For corporate treasurers, one of the most important market data points is how their short-term investments perform in the various instruments available. In April 2020, ICD-Portal provided five efficiency checkpoints for investment portals, as an alternative to corporates only using their banks to trade.
Digital trade comes of age
Nowhere has digitisation been more hotly discussed, and perhaps even hyped, in the past year than in the trade space. It is a space very much in transition as we speak, a sector that is desperate to overturn entrenched processes, some that have existed for centuries, in favour of seamless, instant delivery of funds and data.
At number seven in our Top 10 for 2020 is the story from February that outlined how Marco Polo’s Irrevocable Payment Commitment breaks new ground.
"The new Payment Commitment module combines some of the features of a Documentary Letter of Credit (LC) and the Bank Payment Obligation (BPO) allowing to meet the needs of open account trade transactions," writes Jack. "As a conditional payment mechanism, it is issued to support financing by the buyer or seller bank and facilitates the settlement payments, based on the irrevocable payment undertaking (IPU) of the buyer’s bank towards the seller’s bank. The matching of trade data on the Marco Polo Platform triggers the IPU."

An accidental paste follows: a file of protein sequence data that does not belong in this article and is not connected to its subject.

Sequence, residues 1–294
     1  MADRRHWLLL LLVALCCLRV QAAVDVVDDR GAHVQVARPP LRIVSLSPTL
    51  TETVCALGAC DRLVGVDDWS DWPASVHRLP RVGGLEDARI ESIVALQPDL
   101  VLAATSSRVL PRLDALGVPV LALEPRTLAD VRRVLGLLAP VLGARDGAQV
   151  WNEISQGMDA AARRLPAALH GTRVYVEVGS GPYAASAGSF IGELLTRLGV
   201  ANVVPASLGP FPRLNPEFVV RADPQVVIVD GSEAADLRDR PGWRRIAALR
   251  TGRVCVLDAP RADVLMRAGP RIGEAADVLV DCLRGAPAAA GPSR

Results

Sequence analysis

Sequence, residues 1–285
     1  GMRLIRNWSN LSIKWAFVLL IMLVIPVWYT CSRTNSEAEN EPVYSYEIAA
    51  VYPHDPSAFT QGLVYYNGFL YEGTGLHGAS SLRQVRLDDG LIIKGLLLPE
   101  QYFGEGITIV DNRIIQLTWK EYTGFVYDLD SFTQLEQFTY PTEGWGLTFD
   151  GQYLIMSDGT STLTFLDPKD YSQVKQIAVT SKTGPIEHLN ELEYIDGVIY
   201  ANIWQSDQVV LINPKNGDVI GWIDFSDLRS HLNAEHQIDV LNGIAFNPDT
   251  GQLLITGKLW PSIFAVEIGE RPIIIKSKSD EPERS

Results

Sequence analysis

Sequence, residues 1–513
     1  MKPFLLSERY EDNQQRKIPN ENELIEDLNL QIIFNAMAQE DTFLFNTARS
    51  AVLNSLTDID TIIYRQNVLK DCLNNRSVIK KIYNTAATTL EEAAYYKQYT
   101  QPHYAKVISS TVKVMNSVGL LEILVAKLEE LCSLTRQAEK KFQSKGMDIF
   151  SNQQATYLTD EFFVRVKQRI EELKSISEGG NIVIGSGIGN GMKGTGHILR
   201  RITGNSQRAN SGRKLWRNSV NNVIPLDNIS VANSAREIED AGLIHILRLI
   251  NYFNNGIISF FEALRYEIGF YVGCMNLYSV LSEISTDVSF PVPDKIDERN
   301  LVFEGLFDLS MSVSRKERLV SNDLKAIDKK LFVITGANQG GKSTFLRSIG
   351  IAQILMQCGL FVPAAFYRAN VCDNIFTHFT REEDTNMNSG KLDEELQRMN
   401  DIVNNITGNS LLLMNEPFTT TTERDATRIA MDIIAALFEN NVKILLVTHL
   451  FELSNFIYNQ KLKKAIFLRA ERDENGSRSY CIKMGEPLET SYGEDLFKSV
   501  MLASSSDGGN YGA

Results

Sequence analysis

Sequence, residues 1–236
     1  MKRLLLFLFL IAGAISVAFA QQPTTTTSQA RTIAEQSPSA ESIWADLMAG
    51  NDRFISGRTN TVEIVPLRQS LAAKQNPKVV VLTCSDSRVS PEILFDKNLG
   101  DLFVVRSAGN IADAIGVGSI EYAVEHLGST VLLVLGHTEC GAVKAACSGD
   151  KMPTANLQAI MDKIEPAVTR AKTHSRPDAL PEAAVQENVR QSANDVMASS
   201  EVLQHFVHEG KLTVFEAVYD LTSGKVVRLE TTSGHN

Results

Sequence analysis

Rival to Marco Polo, Contour, has also been making strides in their efforts to digitise the letter of credit (LC) in 2020. Indeed, this week they revealed HSBC as their first production member. But are Contour, Marco Polo and the other big bank digital trade consortiums missing the point of the problem they are trying to solve? This is the interesting point alluded to in an article published in October written by Tim Nicolle from PrimaDollar, who sets out in detail a solution that takes the best parts of supply chain finance and trade finance to create something new - supply chain trade finance (SC-TF).